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  1. Wealth
April 12, 2019

Review: Le Gavroche

By Christopher Jackson

The great French restaurant is every bit as good as you’d expect and more, says a replete Christopher Jackson

 In the Pixar film Ratatouille, there is a restaurant Gusteau’s which has attained the sort of excellence that can only be attained in the cinema. True, by the end of the film, its head chef is a gastronomic rat, but I would argue that the film’s setting, like all dreamscapes, is realistic: it is to do with the true hope of a perfect meal.

No surprise then that it has a real-life counterpart in the shape of Le Gavroche – although there is a marked dearth of rats conducting the cooking. As I enter, the maître d’ indicates that he somehow knows my name – ‘Nice to see you, Mr Jackson’ – and this happens sufficiently rarely in my life for the flattery to work immediately.

We walk past a sort of holding area of no obvious meaning, and then down into the dining room. There is deliberately no phone reception here; the aim is to make you focus more on the food. And at the risk of a spoiler, at Le Gavroche, you’ll want to do that. If all food was as good as here, the mobile phone wouldn’t exist, as its inventors would have been sitting around too full to do anything.

Le Gavroche’s backstory is well known. It’s a tale of success across two generations – first under Albert Roux, and now under Michel Roux Jr. of Masterchef: the Professionals fame. The list of those who have worked in the kitchen here reads like a Who’s Who of contemporary cooking: Marco Pierre White, Gordon Ramsay, Marcus Wareing, Bryn Williams, and Monica Galetti.

My companion was already completing a Martini when I arrived, and upon my sitting down, announced his intention to complete another. Seeing in this the thought processes of a wise man, I join him.

It’s not always the case that I order correctly in restaurants. Here, I went with the Lobster Mousse with Aquitaine Caviar and Champagne Butter Sauce. In praising this, the suspicion is that I must now invent a new vocabulary – and this from someone who can’t invent decent excuses for being late for meetings.

It came in a pool of yellow sauce – a cross between a sun and an omelette. The mousse itself was served as a sort of hut, topped with caviar, and a sublime bit of lobster atop it. The mousse was housed within a green skin, which easily succumbed to the sideways action of the fork. Why was the dish so excellent? It was partly its richness. It was also a quintet of textures: the silken sauce, the granular cold of the caviar, the tender lobster meat, the discreet skin, and finally, all at once that mousse. An utterly valid bottle of Le Haut-Medor de Beychevelle 2014 added a sixth.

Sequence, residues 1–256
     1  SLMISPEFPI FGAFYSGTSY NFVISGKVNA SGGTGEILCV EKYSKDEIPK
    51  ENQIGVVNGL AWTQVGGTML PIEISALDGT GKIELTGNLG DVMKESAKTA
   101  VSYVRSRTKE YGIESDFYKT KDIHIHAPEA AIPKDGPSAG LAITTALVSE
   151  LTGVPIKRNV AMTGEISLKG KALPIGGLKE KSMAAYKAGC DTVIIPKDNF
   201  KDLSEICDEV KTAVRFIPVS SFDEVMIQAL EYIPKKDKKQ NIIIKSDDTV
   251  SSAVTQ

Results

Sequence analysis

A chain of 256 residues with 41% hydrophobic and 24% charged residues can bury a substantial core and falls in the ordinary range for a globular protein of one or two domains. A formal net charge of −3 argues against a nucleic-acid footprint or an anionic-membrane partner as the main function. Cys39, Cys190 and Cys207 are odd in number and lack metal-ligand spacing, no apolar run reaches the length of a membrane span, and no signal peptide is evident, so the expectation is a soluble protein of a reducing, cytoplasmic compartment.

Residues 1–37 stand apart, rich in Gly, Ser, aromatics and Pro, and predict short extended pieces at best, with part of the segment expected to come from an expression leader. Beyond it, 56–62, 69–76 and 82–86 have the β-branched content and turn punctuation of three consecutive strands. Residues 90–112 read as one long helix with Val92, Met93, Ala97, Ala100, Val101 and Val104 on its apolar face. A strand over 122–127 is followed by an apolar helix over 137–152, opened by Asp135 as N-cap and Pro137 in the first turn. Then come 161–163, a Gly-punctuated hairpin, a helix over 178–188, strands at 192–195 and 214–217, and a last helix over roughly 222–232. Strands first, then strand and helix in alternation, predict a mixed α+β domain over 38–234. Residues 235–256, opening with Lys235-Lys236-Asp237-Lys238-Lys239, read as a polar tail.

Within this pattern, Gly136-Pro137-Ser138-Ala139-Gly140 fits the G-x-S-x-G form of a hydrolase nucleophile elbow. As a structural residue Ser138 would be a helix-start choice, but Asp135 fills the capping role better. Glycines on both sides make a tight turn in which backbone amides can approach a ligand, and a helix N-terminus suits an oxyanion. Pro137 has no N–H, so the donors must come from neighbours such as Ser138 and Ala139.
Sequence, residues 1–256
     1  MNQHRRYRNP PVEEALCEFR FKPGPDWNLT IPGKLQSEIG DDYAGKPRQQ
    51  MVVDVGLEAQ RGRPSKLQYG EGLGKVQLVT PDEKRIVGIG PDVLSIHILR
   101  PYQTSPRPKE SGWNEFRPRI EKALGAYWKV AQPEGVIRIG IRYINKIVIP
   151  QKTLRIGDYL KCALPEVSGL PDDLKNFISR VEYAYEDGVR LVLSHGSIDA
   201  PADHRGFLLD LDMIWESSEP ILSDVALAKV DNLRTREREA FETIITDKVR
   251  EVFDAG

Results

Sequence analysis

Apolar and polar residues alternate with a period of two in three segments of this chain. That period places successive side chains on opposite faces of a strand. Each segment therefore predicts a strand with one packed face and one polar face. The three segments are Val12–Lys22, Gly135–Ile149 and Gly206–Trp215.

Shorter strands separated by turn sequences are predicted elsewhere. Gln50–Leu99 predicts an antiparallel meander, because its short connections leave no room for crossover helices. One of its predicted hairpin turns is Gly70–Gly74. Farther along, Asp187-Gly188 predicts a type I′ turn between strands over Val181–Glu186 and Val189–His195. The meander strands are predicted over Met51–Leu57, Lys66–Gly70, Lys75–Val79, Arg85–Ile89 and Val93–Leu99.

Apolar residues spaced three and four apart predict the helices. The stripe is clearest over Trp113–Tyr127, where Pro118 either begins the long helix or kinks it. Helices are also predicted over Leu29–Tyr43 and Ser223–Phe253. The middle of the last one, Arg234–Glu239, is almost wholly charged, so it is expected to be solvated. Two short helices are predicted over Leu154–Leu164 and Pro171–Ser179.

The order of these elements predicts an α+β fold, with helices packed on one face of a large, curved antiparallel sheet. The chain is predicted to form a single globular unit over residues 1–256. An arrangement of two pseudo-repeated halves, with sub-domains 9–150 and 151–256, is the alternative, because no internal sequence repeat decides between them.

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Admiration is tiring; it has its boundaries. I am not dispraising any of what followed by saying that the lobster would remain the highlight; I’m merely underlining my inability to sustain the right admiration. Meanwhile, my companion was in his own obscure joy – he had ordered some sort of salmon for his starter, but we were both sufficiently proprietorial not to let each other try one another’s plates.

He now opted the grilled fillet of Scottish beef, with wild mushrooms and red wine shallot sauce, and praised it enormously. My lamb looked positively regal – pink and purple – and robed in gravy, with a population of potato underneath. The lamb itself was tender, compliant before the movement of the knife.

By this point, Roux Jr. himself had stopped by our table and listened for some patient minutes to our incoherent, and possibly shouted, praise (we had also had a few glasses of Kit’s Coty Chardonnay 2015 by this point). He was gracious – his body language that of someone used to receiving praise, and perhaps not needing any more of it. He even posed dutifully for selfies which were immediately uploaded to our respective Facebook and Instagram accounts.

The great skill here is to live up to expectations – and then surpass them. Only the very great can do what the Roux dynasty has done – create an excellence which is always itself but never stales. Oh yes, and not a rat in sight.

Christopher Jackson is deputy editor of Spear’s

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